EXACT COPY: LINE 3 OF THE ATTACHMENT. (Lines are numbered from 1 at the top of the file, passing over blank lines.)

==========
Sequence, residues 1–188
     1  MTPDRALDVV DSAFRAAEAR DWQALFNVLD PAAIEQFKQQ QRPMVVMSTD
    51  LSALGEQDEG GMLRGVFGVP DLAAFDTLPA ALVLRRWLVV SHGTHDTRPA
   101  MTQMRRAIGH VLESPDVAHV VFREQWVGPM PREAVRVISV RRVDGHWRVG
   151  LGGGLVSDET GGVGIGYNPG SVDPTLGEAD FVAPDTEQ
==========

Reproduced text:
    51  LSALGEQDEG GMLRGVFGVP DLAAFDTLPA ALVLRRWLVV SHGTHDTRPA